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Discussion Starter · #1 ·
I'm in the process of moving from rural MN back to the Twin Cities. I currently own an '09 FSRxc Comp which, for all intents and purposes, is awesome. It does an excellent job on the rough stuff.

The area in which I'm moving to will almost certainly shift me to more riding on pavement. Also, some people I ride with are interested in off-road (the FSR's arena) while others are more comfortable on paved paths.

I know I could easily lockout the FSR's suspension and mount some 1.50's smoothies to make it more competent on the pavement but I can't get around the fact it's seems like the wrong tool for the job. Also to be honest I'd feel kind of silly riding a nice XC FS bike with road tires...

One possibility I've been mulling over is purchasing a closeout/used flatbar road or even a rigid hybrid. I don't have the experience however to fully understand which is the path of least resistance: modify or different bike.
 

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Looks to me as if you need 2 bikes. The FSR for the rides offroad and a road bike (or cruiser) for the rides on pavement.

Alternatively you could get a second set of wheels for your FSR. If you shop the internet this would set you back about $250 including tubes and tires. Plus maybe another $50 if you need brake rotors. That could work fine, if you are ready to switch wheels every now and then, and also if you do get used to ride a full squish on the bike path (I do - I don't care).

But if you plan to ride seriously on pavement you'll end up with a road bike. I never wanted one until I started bike commuting and got constantly passed by road bikes. Now I do have one, ride it commuting as well as for fitness, and love it. Yes, I do have a full suspension bike, too. And I love it. Having both allows me to keep things fresh by enjoying different styles etc of biking.

And: I don't have to change wheels.
 

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My current stable of bikes is:
2007 GT iDrive 4 - Setup as a trail bike.
2010 Access 29er 9.5 - Setup as XC
2010 Diamondback Insight RS (700c flat handlebar) - Setup as a pavement/path bike.

On the pavement/path, I love the 700c. I hook my daughter's trailer up to it and the gearing is perfect for pulling her and keeping up with the rest of the family. (Granted, they are on 26" rigids, but the weight penalty of pulling the trailer vs. the better drivetrain and bigger tires averages out to the same speeds and a decent cadence.)

Could I use my trail bike as an XC bike? Absolutely, as long as I inflate the tires, adjust the seat height, adjust the shocks, etc. The problem becomes having to readjust everything again to go back to trail. It's much easier to have 2 or 3 separate bikes for specific purposes.

Next purchase: drop handle road bike or a tri-bike!
 

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Agreed....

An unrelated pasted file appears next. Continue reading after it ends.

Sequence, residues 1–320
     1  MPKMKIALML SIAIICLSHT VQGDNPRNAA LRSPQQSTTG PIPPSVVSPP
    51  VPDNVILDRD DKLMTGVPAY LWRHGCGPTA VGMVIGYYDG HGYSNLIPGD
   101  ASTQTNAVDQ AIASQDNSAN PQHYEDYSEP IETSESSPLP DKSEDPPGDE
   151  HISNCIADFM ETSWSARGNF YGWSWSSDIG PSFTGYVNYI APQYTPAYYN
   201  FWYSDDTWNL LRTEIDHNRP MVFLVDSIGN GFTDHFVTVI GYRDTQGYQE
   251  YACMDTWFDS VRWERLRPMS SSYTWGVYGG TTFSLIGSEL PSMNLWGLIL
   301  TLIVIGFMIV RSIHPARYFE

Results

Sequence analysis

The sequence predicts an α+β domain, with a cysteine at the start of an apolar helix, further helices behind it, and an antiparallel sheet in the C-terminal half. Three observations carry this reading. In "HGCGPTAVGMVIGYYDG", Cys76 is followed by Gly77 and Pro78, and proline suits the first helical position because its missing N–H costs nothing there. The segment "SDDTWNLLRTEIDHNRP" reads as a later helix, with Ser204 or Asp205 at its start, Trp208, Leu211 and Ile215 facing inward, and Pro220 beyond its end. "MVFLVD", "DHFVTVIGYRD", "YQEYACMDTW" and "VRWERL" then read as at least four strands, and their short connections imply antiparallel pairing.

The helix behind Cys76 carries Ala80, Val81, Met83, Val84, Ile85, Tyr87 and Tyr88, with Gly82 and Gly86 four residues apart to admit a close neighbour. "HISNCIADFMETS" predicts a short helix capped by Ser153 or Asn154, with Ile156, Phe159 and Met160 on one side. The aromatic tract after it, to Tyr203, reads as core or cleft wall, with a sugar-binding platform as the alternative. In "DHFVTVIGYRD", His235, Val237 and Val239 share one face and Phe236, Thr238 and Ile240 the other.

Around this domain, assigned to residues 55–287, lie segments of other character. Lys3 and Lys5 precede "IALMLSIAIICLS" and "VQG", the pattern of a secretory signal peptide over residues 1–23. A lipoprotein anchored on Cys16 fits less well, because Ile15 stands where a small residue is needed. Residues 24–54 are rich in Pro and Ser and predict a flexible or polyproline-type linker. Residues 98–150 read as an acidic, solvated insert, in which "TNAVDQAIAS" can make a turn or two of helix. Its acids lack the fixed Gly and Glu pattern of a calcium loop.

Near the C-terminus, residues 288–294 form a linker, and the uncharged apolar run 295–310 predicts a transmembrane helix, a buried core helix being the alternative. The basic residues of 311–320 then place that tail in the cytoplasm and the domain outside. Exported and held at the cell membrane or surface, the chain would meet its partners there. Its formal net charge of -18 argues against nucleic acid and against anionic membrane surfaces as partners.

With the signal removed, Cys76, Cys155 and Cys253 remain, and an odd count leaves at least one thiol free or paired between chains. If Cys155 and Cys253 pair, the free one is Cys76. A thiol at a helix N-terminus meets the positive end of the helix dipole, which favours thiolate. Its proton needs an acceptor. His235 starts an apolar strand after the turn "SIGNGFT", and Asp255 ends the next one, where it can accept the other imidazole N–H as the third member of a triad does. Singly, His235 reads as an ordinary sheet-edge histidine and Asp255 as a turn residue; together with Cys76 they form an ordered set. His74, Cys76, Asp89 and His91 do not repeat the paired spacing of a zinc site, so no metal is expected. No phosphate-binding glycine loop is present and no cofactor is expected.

your thinking is spot on, the right tool for the job at hand is always the better way to go. While an MTB will work for the road, it's a pain to keep setting them up for the road, then dropping them back when you want to hit dirt. Swapping wheels will work, but it's not the be all and end all of a multi purpose bike. You'll still likely have to adjust brakes and set things up repeatedly. And then you have the additional wear and tear. Riding with you suspension locked out for long periods is hard on the components and tends to accelerate wear.

The best option, obviously, is to go with a pavement bike. There are lots of options, everything from a full on drop bar road bike to a single speed beach cruiser, or anything in between.

My personal preference is for what had become known as a "Fitness" bike. The Trek FX series is a perfect example. They have a flat bar, nice light weight frame, some use road components, some mountain components, but road gearing, 700c wheels etc. The geometry isn't as agressive as a full on road bike, but deffinately not as upright as a hybrid. And they are fast. But much more comfortable to ride than a full on roadie IMHO.

Anyway, your call. But a bike for the trail and one for the road is deffinately the way to go if you can afford it. :thumbsup:

Good Dirt
 

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Two bikes will work best but if money is tight at the moment then an additional set of wheels will get you by with minimal adjustment here and there when switching between the two.

My bike suggestion would be a cyclocross bike. You get the roadbike geometry for the most part, the gearing and wheel size, but can run a little bit wider tire be it a street tire, enduro, or flat out dirt tire. You can usually pick them up used for under or close to $1k and new for under $1.5k. This option will allow you to hit the road, paths, and even trails (to a degree)
 

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Discussion Starter · #6 ·
I've been really fascinated by the newer fixed gear/single speed bikes out like the Specialized Roll 1 and Gary Fisher Gritty. The most obvious drawback is lack of gearing but they are fairly lightweight and seem like they would work well for tame paved trails or around-town commuting. They're so simple that I like the idea that there's really not much that can go wrong.

Any thoughts on this?
 

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I think that is a good option and even though I have a drop road bar bike have thought about picking up a lower end single speed, can always check out something like bikes direct if budget is an issue.
 
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